“we first became conscious of impurities which hereafter stain literature with so many freakish colours”

March 11, 2013 § Leave a comment

[Sir Thomas Browne] is the first of the autobiographers. Swooping and soaring at the highest altitudes he stoops suddenly with loving particularity upon the details of his own body. His height was moderate, he tells us, his eyes large and luminous; his skin dark but constantly suffused with blushes. He dressed very plainly. He seldom laughed. He collected coins, kept maggots in boxes, dissected the lungs of frogs, braved the stench of the spermaceti whale, tolerated Jews, had a good word for the deformity of the toad, and combined a scientific and sceptical attitude towards most things with an unfortunate belief in witches. In short, as we say when we cannot help laughing at the oddities of people we admire most, he was a character, and the first to make us feel that the most sublime speculations of the human imagination are issued from a particular man, whom we can love. In the midst of the solemnities of the Urn Burial we smile when he remarks that afflictions induce callosities. The smile broadens to laughter as we mouth out the splendid pomposities, the astonishing conjectures of the Religio Medici. Whatever he writes is stamped with his own idiosyncrasy, and we first became conscious of impurities which hereafter stain literature with so many freakish colours that, however hard we try, make it difficult to be certain whether we are looking at a man or his writing. Now we are in the presence of sublime imagination; now rambling through one of the finest lumber rooms in the world — a chamber stuffed from floor to ceiling with ivory, old iron, broken pots, urns, unicorns’ horns, and magic glasses full of emerald lights and blue mystery.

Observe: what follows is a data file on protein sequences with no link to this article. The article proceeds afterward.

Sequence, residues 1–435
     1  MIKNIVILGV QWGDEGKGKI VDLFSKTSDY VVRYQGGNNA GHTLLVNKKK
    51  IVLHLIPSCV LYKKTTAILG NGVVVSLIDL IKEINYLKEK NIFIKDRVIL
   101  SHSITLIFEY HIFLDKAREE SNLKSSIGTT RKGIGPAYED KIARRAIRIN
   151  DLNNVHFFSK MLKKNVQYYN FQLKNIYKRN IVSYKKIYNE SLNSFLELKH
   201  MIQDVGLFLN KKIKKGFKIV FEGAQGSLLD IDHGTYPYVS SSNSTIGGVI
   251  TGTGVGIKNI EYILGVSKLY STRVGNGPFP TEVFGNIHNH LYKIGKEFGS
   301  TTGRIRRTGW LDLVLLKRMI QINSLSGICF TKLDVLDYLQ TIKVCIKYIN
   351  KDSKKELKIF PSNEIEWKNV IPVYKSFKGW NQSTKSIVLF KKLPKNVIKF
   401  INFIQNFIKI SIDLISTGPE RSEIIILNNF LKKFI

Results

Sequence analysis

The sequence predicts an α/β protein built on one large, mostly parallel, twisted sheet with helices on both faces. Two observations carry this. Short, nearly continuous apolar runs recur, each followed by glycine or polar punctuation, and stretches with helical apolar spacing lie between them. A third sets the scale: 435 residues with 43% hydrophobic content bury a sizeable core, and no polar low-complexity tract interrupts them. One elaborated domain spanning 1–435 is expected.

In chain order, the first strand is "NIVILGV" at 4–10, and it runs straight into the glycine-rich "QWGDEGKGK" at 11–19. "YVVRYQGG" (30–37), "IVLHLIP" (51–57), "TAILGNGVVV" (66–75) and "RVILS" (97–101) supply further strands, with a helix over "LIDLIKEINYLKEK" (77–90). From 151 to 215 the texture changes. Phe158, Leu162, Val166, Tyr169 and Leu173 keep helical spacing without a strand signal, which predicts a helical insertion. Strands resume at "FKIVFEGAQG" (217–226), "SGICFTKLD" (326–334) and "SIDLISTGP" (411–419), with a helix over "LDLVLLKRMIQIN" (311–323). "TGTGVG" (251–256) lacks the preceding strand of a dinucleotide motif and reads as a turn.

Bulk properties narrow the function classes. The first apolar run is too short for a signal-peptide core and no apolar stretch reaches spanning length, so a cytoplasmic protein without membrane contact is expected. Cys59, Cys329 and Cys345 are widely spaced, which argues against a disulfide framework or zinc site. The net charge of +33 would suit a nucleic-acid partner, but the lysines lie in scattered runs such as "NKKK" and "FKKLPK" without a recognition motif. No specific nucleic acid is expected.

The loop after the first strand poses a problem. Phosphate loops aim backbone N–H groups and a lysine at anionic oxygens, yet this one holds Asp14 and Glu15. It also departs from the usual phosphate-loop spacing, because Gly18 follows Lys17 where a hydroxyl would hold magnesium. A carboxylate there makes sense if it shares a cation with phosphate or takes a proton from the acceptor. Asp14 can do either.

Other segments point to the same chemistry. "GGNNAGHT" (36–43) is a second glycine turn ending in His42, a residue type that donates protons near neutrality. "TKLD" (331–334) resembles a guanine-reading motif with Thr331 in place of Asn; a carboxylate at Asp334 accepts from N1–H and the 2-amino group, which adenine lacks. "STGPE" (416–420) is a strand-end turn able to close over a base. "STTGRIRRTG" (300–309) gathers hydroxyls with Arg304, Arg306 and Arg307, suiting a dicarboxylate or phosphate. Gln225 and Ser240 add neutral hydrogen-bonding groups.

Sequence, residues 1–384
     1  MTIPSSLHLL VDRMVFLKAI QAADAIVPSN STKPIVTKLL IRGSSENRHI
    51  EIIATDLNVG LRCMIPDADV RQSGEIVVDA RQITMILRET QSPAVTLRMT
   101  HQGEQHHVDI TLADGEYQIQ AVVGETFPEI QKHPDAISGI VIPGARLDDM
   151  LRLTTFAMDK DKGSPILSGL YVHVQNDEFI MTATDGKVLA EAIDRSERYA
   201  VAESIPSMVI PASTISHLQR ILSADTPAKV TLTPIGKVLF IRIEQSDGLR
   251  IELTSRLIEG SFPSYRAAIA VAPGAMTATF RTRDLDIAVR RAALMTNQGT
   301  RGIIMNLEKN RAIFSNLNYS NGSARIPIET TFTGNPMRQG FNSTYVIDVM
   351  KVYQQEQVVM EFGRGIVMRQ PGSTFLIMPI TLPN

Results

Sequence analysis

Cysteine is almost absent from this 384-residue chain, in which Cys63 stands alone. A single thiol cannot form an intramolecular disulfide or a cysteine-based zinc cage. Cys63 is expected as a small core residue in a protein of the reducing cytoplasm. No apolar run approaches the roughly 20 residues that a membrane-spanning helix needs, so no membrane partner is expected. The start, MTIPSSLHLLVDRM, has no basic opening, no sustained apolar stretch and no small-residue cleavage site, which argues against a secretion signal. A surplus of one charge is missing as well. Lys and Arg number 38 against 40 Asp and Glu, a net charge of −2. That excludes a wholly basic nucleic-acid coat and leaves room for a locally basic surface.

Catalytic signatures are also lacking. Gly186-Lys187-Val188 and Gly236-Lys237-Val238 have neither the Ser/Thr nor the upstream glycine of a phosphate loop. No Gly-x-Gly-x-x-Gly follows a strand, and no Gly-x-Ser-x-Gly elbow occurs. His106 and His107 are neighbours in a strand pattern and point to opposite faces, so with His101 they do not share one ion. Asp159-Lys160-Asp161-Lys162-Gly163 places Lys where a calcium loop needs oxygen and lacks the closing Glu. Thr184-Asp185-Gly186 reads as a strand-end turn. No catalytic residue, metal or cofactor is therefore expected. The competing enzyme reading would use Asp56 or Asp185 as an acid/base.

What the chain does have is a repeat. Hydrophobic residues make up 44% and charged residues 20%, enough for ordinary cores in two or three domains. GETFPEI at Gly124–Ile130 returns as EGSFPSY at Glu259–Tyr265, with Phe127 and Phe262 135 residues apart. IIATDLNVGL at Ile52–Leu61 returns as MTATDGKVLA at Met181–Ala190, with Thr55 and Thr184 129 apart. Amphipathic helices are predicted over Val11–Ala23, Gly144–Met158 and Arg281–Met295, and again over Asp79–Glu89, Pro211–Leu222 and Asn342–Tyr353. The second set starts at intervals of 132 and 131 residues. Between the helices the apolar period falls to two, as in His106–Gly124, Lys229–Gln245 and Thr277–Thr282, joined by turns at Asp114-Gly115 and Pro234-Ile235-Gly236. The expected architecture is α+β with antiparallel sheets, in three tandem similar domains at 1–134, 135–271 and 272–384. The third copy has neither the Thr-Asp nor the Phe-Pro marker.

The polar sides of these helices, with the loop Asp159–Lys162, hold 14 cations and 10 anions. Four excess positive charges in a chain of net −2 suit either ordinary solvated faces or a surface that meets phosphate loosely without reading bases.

— Virginia Woolf, “The Elizabethan Lumber Room”

the trepidations of time and mortality vexing, at secular intervals, the everlasting sabbaths of the grave.

February 23, 2012 § 2 Comments

He may have not been particularly impressed by my reading from Thomas Browne last night, but I must say I’m pleased that Kevin Faulkner stopped by to say so. For not only did I learn of his blog, Aquarium of Vulcan, a trove of things Browne and baroque, but he also put me yet again on the trail of Thomas De Quincey’s treatise on Rhetoric.

In my copy of this work, I found the following marked, but cannot for the life of me recall if it was I or one of its previous owners who found it originally notable. It matters not: